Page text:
The skilled Wage and Hour Lawyers at our firm have filed a lawsuit against Shearer’s Foods LLC for unpaid overtime wages on behalf of Shearer’s hourly production employees for Shearer’s failure to pay overtime for several reasons.
On June 13, 2022, our firm filed a Collective and Class Action lawsuit against Shearer’s alleging that it has failed to fully compensate its hourly production employees for all overtime wages they are owed for three reasons. First, the lawsuit states that Shearer’s production and manufacturing employees are required to arrive to work before the scheduled start of their shift but are not allowed to clock in more than 7 minutes before their scheduled start time. By restricting its employees’ clock-in time, Shearer’s is allegedly not compensating them for any work performed before the scheduled start of their shifts such as donning protective equipment, washing hands, attending a pre-shift meeting, etc. Employers, like Shearer’s, are required to pay employees for work performed. If employers choose to round time punches (rather than pay employees for every minute they are clocked in), the time rounding cannot result in the underpayment of wages. Where an employer enacts a rule that ensures that time is consistently rounded down, the round laws will likely be violated.
Second, the lawsuit also states that Shearer’s allegedly requires its hourly production and manufacturing employees to clock-out for rest breaks that are 20 minutes or less. The law requires that breaks of 20 minutes or less be counted as work time and paid. Given that these short rest breaks qualify as work (even if no work is performed), they are required to be paid.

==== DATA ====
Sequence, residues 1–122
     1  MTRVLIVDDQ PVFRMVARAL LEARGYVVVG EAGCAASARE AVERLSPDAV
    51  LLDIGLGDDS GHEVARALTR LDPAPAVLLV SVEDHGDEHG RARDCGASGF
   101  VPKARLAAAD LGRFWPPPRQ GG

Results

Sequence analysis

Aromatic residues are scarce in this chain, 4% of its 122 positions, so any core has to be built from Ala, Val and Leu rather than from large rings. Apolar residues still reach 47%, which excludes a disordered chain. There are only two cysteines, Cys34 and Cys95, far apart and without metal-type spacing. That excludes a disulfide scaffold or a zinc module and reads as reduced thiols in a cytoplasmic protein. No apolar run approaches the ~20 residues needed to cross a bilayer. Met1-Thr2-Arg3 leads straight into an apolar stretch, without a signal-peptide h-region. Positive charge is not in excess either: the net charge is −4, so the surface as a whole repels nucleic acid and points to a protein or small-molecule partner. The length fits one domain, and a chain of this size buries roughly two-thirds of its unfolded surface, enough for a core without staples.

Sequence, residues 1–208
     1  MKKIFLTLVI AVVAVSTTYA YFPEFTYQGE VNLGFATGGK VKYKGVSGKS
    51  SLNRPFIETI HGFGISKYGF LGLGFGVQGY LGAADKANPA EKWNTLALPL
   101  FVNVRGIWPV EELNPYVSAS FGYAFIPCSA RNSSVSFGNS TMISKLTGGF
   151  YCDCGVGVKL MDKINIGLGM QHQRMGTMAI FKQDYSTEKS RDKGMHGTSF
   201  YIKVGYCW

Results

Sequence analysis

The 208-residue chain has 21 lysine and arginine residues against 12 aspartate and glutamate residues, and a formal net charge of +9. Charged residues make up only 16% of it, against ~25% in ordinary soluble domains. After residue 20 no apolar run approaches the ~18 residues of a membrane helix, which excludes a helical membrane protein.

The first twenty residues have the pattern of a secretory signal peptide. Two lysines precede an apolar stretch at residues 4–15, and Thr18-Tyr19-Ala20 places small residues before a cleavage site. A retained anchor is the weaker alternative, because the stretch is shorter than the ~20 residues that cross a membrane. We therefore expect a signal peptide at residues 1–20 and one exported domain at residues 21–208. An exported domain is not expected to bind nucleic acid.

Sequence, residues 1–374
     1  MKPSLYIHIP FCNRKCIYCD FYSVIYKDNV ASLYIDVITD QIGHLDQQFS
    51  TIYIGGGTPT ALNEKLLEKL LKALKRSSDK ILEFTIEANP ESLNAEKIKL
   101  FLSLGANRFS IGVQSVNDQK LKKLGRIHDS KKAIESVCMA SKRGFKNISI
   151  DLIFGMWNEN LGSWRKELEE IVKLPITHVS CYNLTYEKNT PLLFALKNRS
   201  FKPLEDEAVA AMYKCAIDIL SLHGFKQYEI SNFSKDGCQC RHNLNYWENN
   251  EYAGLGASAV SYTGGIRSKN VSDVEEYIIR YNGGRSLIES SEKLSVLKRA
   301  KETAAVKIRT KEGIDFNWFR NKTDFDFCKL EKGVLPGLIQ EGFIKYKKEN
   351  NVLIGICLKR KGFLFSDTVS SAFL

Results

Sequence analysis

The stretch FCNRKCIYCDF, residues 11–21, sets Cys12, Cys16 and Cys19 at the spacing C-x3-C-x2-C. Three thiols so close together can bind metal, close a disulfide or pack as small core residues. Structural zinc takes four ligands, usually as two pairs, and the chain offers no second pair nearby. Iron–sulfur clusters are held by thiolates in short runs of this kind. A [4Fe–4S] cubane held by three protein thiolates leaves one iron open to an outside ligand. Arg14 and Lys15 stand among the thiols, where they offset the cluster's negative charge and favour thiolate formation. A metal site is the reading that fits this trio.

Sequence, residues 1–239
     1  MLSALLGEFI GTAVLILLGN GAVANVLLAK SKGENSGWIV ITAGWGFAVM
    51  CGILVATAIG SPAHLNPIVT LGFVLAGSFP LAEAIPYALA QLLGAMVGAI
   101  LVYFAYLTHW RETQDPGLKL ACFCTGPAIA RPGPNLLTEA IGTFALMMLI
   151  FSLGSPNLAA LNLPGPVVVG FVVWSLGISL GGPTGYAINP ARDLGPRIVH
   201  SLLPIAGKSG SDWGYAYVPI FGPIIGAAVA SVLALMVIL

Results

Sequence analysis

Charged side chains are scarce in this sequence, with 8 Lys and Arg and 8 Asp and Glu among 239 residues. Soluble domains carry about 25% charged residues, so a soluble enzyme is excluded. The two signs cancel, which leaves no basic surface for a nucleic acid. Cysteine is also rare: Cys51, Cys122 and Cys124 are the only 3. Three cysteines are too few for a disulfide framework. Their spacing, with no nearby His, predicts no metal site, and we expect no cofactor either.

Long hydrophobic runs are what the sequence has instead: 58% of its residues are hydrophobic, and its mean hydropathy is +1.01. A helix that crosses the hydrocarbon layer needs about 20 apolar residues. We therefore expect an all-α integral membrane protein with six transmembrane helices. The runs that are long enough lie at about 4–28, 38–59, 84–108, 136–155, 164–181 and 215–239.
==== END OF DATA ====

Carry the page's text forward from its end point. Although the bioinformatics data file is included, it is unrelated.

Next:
Third, the lawsuit alleges that Shearer’s did not properly compute employees’ overtime rates when they received additional forms of compensation in addition to their base hourly wage. The lawsuit claims that Shearers paid employees non-discretionary bonuses that were required to be included in the calculation of employees’ overtime rates. However, Shearer’s failed to include the bonuses in their overtime rate calculations. Instead, Shearer’s paid overtime at 1.5 times employees’ base hourly rates of pay.
Any of the three violations would result in the underpayment of overtime wages and would violate both federal and Ohio wage laws.
The Shearer’s Foods unpaid overtime lawsuit was filed in the U.S. District Court for the Northern District of Ohio, Eastern Division (Akron), and is titled Moore, et al v. Shearer’s, Case No. 5:22-cv-1017. If you believe you would like more information about the lawsuit or your rights to overtime, our overtime attorneys are here to answer your questions. Please contact our office by phone at 1-888-619-2729 or by emailing email@example.com if you would like to discuss the details of your employment or your pay structure.